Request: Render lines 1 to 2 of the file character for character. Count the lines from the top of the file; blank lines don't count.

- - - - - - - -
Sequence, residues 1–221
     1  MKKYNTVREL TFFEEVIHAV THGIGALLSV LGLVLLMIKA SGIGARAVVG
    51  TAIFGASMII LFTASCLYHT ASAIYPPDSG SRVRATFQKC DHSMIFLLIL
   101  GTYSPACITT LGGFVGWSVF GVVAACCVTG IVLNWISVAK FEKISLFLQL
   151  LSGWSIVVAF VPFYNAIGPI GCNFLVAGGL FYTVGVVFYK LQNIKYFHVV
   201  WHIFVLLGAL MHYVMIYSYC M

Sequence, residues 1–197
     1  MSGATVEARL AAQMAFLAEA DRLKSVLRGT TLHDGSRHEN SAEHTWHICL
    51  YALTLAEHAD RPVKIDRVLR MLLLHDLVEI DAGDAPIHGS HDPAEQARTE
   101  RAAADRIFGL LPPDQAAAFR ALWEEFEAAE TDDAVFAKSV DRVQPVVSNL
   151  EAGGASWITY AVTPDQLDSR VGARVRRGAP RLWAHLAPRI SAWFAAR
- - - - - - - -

Sequence, residues 1–221
     1  MKKYNTVREL TFFEEVIHAV THGIGALLSV LGLVLLMIKA SGIGARAVVG